The pair acquired The Crucifixion for €220,000 in 2008, it having previously sold at auction for £39,000 in 2007.
It is thought to have been produced by a follower of Pieter Brueghel the Younger in around 1618, and is based on an original by the Dutch artist, who died in 1636.
Following a year gathering dust, the brothers began to make changes to the piece, including the transformation of the crowd into a range of devilish monsters.
One man has the number 666 on his back - a reference to Brueghel's nickname "Hell Brueghel", due to his several depictions of the underworld.
It has now sold for £750,000.
The piece was snapped up at the Chapman brothers' exhibition of their work at London's White Cube gallery, which runs until September.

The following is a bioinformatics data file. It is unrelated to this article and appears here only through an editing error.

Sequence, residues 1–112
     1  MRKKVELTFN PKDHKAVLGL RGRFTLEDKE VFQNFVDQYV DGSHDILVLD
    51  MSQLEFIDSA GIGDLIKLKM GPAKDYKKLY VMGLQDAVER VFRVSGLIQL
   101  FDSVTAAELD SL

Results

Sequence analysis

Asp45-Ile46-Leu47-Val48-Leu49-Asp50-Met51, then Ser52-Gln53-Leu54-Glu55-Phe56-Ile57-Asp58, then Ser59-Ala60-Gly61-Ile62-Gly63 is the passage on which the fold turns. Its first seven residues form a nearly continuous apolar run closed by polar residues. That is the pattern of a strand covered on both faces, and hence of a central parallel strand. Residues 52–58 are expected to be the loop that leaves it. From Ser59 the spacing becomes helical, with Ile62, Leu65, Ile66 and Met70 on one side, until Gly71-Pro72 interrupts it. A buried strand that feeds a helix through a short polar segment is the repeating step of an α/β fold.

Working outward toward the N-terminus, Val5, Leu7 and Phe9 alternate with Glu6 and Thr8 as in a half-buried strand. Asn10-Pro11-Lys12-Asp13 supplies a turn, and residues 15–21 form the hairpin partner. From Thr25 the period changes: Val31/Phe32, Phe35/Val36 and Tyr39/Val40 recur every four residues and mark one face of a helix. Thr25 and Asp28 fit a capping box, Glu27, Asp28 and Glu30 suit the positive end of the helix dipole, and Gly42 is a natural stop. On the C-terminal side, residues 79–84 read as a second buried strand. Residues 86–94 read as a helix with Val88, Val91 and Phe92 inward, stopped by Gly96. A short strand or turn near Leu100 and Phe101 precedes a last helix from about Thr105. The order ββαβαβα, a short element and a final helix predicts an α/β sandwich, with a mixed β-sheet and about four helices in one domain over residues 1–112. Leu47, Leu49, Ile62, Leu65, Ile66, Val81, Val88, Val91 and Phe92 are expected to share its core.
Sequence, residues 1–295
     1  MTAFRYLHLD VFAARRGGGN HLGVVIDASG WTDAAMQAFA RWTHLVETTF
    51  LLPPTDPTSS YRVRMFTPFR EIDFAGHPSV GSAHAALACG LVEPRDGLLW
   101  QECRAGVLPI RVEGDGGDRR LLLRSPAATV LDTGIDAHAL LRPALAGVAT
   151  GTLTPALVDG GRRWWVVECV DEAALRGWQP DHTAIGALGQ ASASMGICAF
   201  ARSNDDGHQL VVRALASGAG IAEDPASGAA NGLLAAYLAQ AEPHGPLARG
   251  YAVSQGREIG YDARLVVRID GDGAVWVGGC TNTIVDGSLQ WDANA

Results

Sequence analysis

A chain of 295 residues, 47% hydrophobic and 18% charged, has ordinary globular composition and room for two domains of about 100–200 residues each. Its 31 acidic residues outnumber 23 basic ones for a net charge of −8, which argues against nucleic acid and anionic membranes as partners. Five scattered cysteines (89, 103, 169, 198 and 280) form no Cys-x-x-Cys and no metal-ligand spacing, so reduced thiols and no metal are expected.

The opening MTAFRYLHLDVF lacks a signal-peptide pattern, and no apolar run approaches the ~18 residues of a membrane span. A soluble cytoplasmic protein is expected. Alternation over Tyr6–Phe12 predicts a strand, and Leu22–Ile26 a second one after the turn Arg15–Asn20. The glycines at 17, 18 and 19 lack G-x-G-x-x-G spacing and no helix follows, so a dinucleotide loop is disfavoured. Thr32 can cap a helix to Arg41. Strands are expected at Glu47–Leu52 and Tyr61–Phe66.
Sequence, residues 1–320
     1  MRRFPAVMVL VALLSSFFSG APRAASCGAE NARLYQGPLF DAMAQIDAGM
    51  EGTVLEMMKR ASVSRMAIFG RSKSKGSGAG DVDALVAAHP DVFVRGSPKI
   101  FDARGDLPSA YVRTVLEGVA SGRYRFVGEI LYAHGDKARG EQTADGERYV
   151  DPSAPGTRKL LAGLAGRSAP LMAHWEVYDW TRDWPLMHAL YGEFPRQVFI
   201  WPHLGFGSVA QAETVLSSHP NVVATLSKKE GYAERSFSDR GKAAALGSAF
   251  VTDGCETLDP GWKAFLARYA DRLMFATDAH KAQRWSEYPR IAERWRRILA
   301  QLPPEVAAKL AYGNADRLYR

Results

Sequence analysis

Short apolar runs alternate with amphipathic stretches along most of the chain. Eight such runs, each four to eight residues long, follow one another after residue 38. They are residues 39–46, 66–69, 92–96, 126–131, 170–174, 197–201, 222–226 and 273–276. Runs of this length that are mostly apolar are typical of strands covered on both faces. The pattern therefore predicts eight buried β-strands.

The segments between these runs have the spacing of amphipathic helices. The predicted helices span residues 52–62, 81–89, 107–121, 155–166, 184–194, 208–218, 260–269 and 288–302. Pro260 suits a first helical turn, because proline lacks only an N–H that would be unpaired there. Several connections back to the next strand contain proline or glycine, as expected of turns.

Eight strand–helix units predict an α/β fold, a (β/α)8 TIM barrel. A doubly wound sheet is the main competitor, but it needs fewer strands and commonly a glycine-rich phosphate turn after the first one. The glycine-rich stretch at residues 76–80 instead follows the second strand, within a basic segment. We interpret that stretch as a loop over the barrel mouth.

The majority of the exhibition's pieces were produced by the two brothers independently of each other.
Jake told Euronews: "The whole point was not about the show. It was about producing the work."
Dinos continued: "But also actually in the final instance, the idea of it being Jake or Dinos Chapman was of no consequence, because it was so resolutely like the work we make anyway."
The Chapmans remain best known for their depiction of 10,000 miniature Nazis in 2000, although this recent sale suggests their talents are still admired by art lovers.
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